Safety, predictability, and stress in early childhood

In collaboration with a non-profit organization in Elkhart, Indiana, I have conducted research aimed at assessing a wide range of environmental factors linked to perceptions of safety and predictability in families with preschoolers at high-risk for chronic or extreme stress. In this research, I have collected repeated measures of children’s self-regulatory behaviors, their home environment, continuous monitoring of autonomic activity, and standardized laboratory tasks. Together this has allowed me to examine what aspects of the early environment contribute to variability in children’s experiences of stress.

Stress and emotional learning

Another line of my research is aimed at examining how stress and stress-related perceptions influence how individuals learn about and use emotional information in their environment. In this research, I am finding that stress affects how children use emotional information but not how they learn this information. Additionally, this is most pronounced in children who have been exposed to high levels of stressful events and report high levels of perceived social isolation and perceived unpredictability.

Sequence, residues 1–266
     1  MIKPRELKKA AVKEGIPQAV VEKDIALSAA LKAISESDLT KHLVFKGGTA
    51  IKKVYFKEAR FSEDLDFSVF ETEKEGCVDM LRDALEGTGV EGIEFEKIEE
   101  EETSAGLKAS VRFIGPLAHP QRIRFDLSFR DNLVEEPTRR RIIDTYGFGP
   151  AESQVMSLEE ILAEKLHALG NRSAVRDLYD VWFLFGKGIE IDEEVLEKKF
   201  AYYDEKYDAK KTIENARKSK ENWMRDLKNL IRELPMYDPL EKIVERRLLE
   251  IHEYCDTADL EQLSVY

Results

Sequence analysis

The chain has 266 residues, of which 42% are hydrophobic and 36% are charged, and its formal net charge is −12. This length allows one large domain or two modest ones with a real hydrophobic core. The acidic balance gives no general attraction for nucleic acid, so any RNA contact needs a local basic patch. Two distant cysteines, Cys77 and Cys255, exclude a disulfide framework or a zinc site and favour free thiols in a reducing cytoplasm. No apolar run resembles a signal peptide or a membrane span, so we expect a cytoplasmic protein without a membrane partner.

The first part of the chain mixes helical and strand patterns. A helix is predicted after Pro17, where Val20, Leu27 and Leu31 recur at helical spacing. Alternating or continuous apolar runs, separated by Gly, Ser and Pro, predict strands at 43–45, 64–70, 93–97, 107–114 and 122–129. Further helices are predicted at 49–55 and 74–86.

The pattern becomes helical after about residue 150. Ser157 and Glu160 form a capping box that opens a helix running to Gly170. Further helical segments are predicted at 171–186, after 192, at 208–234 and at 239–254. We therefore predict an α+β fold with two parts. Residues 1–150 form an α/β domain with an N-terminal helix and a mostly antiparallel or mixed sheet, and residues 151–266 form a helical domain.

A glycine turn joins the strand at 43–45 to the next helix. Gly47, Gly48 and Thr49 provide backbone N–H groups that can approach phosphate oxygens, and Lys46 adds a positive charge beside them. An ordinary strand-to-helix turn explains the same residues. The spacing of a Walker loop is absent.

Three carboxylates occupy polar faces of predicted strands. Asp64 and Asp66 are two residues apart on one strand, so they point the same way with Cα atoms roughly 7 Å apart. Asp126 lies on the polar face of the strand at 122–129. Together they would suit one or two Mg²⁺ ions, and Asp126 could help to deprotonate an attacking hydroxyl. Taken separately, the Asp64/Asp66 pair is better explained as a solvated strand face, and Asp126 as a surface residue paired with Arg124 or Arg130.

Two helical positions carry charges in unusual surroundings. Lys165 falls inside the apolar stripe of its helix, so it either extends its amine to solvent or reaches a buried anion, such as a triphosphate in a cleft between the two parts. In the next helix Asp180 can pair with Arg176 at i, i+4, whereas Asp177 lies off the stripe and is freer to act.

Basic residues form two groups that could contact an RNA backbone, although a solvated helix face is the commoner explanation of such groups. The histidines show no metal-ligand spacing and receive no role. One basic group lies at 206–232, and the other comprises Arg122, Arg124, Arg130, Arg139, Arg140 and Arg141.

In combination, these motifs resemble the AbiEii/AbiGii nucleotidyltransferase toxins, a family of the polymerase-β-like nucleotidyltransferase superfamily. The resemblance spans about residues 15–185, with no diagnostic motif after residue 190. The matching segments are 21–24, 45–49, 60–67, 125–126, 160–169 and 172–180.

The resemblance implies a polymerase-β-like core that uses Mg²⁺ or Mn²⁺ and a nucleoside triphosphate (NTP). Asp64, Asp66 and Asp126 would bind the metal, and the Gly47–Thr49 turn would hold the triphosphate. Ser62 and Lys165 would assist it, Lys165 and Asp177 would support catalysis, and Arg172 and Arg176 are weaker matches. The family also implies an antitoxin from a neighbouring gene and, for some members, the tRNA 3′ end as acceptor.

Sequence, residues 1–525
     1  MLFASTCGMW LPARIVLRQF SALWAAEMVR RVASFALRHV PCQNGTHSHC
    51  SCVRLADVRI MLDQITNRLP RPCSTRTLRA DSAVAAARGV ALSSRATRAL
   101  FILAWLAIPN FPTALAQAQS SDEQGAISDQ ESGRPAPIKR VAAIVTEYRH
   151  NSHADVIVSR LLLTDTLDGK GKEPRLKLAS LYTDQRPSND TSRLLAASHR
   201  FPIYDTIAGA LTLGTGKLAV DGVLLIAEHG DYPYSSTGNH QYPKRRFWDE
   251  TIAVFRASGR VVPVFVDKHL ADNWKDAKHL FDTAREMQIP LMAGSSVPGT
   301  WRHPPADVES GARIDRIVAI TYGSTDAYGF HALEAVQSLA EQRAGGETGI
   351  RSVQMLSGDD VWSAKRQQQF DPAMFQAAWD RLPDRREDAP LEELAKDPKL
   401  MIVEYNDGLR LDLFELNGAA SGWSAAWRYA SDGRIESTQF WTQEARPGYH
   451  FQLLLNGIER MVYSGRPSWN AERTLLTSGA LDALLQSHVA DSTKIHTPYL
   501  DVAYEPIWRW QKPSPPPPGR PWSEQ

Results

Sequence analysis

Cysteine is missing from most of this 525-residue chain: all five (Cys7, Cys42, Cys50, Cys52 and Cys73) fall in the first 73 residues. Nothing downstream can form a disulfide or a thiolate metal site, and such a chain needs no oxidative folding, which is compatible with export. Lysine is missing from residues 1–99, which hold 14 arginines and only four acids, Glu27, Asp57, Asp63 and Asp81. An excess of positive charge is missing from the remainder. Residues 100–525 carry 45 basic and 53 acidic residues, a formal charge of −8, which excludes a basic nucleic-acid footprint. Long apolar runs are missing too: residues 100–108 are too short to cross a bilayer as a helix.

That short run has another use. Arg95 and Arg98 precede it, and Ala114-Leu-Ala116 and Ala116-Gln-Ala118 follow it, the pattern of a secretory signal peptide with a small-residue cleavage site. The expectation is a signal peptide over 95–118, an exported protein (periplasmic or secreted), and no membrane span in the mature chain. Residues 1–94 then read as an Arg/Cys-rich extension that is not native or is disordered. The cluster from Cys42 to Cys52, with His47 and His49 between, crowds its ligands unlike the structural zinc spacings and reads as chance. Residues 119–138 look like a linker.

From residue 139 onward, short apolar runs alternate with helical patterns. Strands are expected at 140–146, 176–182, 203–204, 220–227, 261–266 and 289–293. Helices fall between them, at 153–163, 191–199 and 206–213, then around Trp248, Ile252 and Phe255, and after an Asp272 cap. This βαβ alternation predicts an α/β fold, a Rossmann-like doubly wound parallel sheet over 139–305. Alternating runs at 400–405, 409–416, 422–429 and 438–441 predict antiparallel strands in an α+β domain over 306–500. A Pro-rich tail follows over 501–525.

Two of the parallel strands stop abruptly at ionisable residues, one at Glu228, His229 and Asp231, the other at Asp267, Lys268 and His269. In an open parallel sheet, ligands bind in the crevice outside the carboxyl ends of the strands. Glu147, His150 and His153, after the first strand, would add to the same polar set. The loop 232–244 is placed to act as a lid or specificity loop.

Stress and emotion perception

My third line of research examines how stress influences emotion perceptions. This is a question I have assessed in both adults and children, with a focus on how perceptions of social isolation influence how individuals perceive emotions in others. Of particular interest, I am finding that perceptions of social isolation are associated with changes in how both adults and children recognize negative emotions in facial expressions.